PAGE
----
Epistemic Theories and the Evolving Structure of Technical Communication

I’m taking the opportunity presented by my final project for EH 603 and using it to expand on some of the idea’s contained in blog post that I made for my personal website and make it suitable for submission to Intercom, the Society for Technical Communication’s magazine. My blog post, Structure and Assumptions in Technical Communications and Philosophy, was written after thinking about a technical writer’s job responsibilities for a previous class’s assignment. It occurred to me that one of the main responsibilities of a technical communications professional is to properly structure information for use by the intended audience. Contemplating how to properly structure information brought to my mind some epistemological theories I studied while completing my undergraduate degree in philosophy. For those that don’t know, epistemology is the branch of philosophy concerned with the nature and justification of knowledge. I will focus on how epistemological theories about the structure of knowledge can be applied to structuring user guides and manuals. I think that linear structured user guides can be analogous to a foundationalist theory of justification and coherence theory can be analogous to the modern online help experience without a linear construction.

In the original blog post I also discussed using a philosophic understanding of assumptions to better understand the audiences for technical writing. I’m going to drop this part to focus exclusively on structure because I’d rather not try to split my attention between what I feel could be two separate articles. I think that this could wind up shortchanging each topic and wind up with an article that doesn’t cover structure or assumptions in as much depth as I would like.

In order to rewrite and expand my original blog post into a format suitable for Intercom I read a number of Intercom articles and examined the author guidelines page. My original post was only around 600 words and according to the guidelines page my target length should be around 2000 words. The longer length will require more depth when discussing epistemological theories. I will also need to be cognizant that my intended audience consists of technical communications professionals, so philosophical jargon and terminology will need to be avoided.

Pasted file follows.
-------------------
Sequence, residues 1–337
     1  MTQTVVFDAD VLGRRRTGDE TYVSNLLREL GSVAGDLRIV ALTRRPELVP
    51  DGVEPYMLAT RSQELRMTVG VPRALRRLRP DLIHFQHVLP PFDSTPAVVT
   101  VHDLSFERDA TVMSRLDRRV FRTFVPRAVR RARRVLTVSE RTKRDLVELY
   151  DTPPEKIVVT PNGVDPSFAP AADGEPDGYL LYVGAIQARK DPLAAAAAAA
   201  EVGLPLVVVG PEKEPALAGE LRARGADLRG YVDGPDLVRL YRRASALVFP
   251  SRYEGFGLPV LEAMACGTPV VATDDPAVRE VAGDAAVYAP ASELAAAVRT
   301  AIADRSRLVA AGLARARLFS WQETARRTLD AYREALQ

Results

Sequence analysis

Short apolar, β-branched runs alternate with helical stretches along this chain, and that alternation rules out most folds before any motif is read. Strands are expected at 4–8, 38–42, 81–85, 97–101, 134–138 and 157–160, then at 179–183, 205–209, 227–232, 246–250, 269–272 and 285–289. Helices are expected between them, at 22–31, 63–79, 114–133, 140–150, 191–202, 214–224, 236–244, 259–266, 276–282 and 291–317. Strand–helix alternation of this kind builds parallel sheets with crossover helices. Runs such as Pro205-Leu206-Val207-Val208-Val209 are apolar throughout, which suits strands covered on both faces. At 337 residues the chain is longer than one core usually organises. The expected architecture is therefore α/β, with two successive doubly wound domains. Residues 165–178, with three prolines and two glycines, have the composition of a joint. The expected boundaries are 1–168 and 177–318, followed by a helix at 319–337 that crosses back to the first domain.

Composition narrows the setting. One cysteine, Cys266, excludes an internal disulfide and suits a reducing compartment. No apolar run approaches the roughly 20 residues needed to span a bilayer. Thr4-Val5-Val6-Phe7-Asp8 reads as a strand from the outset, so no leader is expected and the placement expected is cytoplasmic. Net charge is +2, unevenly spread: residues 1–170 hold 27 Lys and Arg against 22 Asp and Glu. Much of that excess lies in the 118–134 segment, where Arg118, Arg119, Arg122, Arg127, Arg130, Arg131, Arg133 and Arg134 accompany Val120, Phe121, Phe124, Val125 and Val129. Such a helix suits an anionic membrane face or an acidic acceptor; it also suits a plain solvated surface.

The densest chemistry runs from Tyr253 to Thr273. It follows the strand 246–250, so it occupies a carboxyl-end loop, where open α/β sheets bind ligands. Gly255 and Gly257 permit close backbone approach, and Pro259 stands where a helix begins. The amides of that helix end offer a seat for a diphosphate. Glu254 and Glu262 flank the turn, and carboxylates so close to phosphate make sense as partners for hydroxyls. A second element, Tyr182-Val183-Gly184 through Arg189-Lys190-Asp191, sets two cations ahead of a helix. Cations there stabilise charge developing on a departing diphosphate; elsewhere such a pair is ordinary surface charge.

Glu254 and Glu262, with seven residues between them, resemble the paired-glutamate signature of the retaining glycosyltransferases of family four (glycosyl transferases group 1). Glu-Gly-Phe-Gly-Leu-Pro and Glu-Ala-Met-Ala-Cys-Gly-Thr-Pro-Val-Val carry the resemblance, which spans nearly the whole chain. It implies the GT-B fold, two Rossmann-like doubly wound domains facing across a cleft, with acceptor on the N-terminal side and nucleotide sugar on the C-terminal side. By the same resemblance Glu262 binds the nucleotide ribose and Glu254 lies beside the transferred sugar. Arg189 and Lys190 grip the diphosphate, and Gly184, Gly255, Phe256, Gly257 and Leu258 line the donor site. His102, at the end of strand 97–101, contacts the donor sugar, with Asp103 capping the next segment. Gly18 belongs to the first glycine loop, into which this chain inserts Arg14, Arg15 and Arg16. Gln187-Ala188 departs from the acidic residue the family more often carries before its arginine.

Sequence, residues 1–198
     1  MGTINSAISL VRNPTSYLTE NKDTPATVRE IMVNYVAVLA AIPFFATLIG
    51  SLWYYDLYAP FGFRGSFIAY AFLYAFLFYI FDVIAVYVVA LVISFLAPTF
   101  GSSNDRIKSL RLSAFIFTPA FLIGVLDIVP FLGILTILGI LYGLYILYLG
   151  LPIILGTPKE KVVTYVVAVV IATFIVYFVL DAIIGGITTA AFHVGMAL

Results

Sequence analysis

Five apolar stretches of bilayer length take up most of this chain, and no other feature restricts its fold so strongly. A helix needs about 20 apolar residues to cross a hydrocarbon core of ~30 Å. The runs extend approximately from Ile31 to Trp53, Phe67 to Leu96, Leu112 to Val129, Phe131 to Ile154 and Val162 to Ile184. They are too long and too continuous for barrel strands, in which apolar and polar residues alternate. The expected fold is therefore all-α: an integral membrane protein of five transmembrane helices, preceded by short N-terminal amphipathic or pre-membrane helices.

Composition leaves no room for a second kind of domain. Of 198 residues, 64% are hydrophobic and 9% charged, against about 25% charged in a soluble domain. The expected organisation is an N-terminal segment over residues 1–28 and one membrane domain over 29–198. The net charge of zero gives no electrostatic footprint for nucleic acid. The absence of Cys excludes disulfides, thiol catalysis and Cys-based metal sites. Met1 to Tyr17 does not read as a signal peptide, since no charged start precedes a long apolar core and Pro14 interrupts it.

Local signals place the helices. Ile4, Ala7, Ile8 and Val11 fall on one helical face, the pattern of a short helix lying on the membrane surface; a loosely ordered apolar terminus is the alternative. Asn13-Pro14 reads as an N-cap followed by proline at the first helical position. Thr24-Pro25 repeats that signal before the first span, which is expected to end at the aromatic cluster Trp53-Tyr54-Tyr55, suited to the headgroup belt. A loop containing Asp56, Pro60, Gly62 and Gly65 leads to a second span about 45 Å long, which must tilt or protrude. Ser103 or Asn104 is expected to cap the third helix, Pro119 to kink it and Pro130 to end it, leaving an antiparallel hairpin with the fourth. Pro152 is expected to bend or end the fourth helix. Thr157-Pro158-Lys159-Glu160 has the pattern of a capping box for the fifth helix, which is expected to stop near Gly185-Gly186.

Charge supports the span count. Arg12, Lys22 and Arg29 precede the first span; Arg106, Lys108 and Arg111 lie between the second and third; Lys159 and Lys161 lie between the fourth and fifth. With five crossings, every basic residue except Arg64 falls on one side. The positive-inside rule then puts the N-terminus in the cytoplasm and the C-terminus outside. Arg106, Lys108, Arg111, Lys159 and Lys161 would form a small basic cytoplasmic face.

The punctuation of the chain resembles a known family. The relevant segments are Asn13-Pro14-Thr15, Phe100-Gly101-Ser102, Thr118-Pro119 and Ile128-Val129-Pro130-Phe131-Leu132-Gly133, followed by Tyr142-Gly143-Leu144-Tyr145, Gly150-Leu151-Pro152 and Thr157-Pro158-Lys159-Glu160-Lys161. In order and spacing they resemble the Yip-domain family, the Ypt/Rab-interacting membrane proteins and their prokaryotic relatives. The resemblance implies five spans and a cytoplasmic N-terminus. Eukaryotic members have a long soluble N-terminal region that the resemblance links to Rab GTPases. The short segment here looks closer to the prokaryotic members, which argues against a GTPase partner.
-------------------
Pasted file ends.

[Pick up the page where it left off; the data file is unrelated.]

Exploring the analogy between the structures of knowledge and user help will require citing some sources to fully expand upon the epistemological theories. I believe that the most difficult part will be accurately summarizing the epistemic theories in order to use them as a lens to better understand structuring information as a technical communicator. I want to use publicly available sources for the article so that the reader can view anything I cite without worrying about finding access to sources that are behind a paywall. I will use the Stanford’s online dictionary of philosophy for general reference. I’ll be referencing to Ernest Sosa’s paper “The Raft and the Pyramid: Coherence Versus Foundations in the Theory of Knowledge” which is publicly available online. If I require more sources I will make sure that the they can be accessed easily by the public by finding them through use of the google scholar function.

I hope to use this article to show how philosophical theories can be used to better understand other subjects such as technical communication. In this way the article can function as an example of how philosophy can be used practically. I hope to combat the popular misconception of philosophy as esoteric and practically useless. I think that philosophy can function as a strong base for those looking to enter into technical communication field.   

-Christopher Matthys

Works Cited

“Author Guidelines.” Intercom, https://www.stc.org/intercom/author-guidelines/ Accesed 1 April 2018

Matthys, Christopher. “Structure and Assumptions in Technical Communications and Philosophy.” 22 October 2017, https://www.variousinterests.net/blog/2017/10/20/75qgzve7klenw4t4jwjmat2iqerzc7

 Zalta, Edward N. ed. The Stanford Encyclopedia of Philosophy, https://plato.stanford.edu/index.html

A White Paper Worth Writing

What if your company developed a tool that could save your customers $100,000? As a technical communicator, would you be interested in writing a white paper about it?